Film: Memento
Release Date: 5th September 2000
Director: Christopher Nolan 
Rating: 15

He’s always out making pictures, he’s always out making scenes. It’s all out the window when it comes to making dreams, it’s all mixed up. Backwards and forwards Guy Pearce as Lenny looks for the one who killed his wife. Starting with the ending and then the start, the colour drips back, the black and white shines forwards. ‘Talk about the story.’ I write.

Huh, where am I? Oh right, I’m in front of my laptop. Hmm, I’ve left a note. ‘Talk about the story’. I guess it’s a story about a guy with a condition of short-term memory, anterograde amnesia they call it. You remember things for a few moments, then they go. Lenny deals with this by taking pictures to remember people and places and making notes, some tattooed across his body. The film goes backwards when the picture is in colour and the fun comes from figuring out what’s happened previously. Scenes are linked by him losing his memory before it cuts back. We see Lenny at the start as a man who has just got revenge for his dead wife by killed Teddy, but as it twists back and we learn the truth the whole character has a different light displayed on him. In between these moments we get black and white footage which tells the story of someone who had the same problem as Lenny, who tells it over the phone.  At first everything is incredibly confusing, but it pieces together wonderfully as we reach the conclusion. How much can you figure out before all is revealed? I got a lot wrong and some things right. Take your eyes off the screen for one minute and become hopelessly lost in the world of Lenny. I write down ‘feeling’.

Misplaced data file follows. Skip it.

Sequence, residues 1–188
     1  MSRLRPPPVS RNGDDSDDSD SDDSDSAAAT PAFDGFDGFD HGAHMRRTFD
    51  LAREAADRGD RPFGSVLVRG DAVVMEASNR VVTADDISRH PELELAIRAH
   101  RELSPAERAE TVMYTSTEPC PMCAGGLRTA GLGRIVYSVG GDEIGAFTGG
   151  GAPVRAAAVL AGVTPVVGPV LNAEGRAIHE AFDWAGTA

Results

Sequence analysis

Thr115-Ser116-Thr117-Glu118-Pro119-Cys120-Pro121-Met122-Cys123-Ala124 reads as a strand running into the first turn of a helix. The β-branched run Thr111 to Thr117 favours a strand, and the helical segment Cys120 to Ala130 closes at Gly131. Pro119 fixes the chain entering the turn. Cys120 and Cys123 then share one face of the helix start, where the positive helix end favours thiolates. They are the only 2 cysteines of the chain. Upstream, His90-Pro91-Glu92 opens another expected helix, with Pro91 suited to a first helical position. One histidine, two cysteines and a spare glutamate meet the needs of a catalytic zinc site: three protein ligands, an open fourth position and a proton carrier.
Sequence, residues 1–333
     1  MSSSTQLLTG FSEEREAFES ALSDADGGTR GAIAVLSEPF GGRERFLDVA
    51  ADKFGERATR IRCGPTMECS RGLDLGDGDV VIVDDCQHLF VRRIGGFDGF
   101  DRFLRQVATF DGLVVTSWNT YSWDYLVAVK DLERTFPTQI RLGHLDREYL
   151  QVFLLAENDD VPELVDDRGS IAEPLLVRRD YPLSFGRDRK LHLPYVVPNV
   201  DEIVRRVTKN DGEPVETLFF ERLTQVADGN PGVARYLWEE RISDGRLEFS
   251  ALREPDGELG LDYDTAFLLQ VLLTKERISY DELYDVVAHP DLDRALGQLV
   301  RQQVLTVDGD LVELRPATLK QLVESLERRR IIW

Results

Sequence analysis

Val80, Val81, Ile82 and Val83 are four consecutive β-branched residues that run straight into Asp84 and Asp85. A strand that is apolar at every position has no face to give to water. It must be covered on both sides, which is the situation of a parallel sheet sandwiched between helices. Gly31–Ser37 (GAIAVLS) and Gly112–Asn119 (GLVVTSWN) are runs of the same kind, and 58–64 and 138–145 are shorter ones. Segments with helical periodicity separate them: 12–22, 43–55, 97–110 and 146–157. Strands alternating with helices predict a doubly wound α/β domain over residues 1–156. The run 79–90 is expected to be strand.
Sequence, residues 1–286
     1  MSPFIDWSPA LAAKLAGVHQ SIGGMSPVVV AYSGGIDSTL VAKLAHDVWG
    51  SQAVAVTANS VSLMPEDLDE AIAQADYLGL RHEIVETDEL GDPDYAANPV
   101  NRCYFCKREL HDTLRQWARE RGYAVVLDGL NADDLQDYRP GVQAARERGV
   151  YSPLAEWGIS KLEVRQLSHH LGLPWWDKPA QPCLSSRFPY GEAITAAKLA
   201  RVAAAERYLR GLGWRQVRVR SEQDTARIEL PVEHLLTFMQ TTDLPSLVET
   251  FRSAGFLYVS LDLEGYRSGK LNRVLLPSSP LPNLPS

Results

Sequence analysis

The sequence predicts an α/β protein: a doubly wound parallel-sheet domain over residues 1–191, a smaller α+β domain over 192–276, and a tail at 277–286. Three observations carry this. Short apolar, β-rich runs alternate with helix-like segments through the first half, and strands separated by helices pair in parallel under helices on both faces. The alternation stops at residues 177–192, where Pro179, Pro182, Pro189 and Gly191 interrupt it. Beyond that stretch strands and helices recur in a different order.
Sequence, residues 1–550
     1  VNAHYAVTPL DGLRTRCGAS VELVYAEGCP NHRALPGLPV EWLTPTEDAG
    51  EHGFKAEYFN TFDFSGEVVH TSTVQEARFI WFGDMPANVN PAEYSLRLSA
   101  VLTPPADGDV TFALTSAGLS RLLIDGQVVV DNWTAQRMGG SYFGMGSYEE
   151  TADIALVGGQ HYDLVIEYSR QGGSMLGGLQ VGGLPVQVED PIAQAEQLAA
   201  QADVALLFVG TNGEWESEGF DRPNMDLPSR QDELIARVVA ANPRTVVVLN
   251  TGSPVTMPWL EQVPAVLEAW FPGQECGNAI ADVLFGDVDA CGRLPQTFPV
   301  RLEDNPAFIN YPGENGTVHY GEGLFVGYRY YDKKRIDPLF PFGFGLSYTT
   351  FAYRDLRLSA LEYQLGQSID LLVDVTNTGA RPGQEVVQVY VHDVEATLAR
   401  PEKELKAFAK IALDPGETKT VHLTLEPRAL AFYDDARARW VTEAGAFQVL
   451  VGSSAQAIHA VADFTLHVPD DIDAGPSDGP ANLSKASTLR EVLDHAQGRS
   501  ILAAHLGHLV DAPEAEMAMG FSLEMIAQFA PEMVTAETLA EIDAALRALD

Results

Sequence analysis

Hello I’m here to talk about the film Memento. What does this say… feeling? What is that supposed to mean? I feel a little crushed by all this and it’s giving me a headache. One of those headaches you can appreciate and get really into though. Masochism at its finest. Though, it isn’t such a bad feeling, you feel the confusion, but also the beauty. Lenny’s talks on his condition and the way people act is poignant, makes you think about the world. Plus, getting the result before getting the how creates a fresh dealing of suspense. Instead of the usual how ‘do’ they do it, you get the how ‘did’ they do it. A pretty unique feeling indeed. The concept and plot are one of the best I’ve witnessed in a long time. I best write down ‘conclusion’.

Urgh, I’m holding a baguette in my hands. I haven’t eaten it and I’m not hungry so what’s going on? Ah best look through my… ah, conclusion. Memento needs full attention and it may suffer a little from repetition, which is necessary really so people can see how scenes link to each other, but it’s fresh, engaging and powerful. Write down ‘finish’.


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